This symposium issue of the Cleveland State Law Review publishes the papers that were presented at a conference marking the bicentennial of the Ohio Constitution. That conference, held here at Cleveland-Marshall College of Law in April 2003, examined the history and assessed the vitality of-our state constitution. The conference was conceived and its planning was supervised by our Dean, Steven H. Steinglass, who has devoted significant scholarly attention to the Ohio Constitution. In light of my own endeavors in state constitutional law, both as a lawyer and as a scholar, I gladly assisted Dean Steinglass in organizing the conference. In the paragraphs that follow, I briefly summarize each of the contributions to this symposium. Those papers cover a broad range of topics - from Ohio constitutional history and interpretation to race and equal protection, education and tort reform, separation of powers and the one-subject rule.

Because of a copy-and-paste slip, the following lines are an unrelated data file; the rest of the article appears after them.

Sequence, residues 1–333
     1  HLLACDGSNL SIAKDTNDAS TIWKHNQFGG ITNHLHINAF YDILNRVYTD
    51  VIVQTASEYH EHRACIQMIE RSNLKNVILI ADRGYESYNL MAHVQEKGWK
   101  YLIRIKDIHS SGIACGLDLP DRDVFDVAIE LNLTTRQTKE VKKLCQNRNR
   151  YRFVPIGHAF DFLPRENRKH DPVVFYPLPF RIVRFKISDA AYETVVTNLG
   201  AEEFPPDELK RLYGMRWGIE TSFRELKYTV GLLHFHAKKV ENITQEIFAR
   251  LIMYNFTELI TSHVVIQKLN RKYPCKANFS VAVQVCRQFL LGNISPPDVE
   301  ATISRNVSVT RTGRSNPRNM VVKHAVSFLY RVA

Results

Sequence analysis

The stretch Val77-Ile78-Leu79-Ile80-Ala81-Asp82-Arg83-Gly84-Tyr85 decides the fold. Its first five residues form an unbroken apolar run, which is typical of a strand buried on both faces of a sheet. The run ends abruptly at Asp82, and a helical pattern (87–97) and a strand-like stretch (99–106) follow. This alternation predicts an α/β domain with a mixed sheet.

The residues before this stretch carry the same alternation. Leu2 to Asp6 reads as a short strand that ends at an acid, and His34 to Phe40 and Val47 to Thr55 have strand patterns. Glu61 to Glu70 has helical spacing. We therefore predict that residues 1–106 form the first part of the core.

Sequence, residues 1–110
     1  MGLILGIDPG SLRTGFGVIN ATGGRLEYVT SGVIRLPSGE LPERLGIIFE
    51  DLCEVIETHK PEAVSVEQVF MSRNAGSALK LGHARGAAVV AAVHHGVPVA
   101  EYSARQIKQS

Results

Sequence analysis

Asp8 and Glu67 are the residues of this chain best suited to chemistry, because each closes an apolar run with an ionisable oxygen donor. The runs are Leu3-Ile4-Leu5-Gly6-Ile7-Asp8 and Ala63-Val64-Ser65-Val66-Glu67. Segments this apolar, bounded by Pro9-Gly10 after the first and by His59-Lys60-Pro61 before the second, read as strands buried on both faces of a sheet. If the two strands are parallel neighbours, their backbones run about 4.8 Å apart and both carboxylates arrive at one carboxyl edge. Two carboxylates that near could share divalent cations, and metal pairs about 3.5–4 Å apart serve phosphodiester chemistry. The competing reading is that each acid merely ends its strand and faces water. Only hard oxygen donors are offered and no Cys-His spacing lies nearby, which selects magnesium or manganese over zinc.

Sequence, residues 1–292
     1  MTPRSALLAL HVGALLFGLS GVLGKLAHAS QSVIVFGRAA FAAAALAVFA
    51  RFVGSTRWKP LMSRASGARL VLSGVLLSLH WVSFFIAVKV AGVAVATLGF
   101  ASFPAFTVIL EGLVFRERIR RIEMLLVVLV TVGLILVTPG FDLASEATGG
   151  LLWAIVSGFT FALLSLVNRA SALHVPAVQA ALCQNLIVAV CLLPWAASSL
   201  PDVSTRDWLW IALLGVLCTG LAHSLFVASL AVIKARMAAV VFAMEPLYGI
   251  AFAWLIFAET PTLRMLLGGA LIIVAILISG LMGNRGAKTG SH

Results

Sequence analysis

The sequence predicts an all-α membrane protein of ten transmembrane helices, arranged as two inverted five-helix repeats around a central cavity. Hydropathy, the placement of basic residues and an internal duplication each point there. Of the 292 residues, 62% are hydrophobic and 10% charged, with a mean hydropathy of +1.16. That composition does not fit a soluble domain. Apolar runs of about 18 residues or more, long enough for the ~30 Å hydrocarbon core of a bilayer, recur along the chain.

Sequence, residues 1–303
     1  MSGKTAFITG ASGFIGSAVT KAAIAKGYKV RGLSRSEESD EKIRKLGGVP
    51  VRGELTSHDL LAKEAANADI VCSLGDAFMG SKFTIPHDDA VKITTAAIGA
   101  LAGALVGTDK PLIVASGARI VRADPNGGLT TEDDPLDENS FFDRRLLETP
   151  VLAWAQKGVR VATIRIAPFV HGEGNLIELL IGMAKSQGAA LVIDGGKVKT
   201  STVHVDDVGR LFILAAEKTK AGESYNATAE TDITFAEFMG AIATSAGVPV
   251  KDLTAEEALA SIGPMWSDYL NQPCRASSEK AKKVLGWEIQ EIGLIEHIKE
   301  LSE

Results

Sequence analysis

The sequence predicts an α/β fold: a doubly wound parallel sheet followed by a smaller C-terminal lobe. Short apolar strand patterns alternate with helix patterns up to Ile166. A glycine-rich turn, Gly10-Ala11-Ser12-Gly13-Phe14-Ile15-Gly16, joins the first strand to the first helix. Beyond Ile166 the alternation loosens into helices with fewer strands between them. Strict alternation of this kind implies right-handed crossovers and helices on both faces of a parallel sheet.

Kevin Francis O'Neill,
The Ohio Constitution on the Occasion of Its Bicentennial,
51 Clev. St. L. Rev.
available at https://engagedscholarship.csuohio.edu/clevstlrev/vol51/iss3/3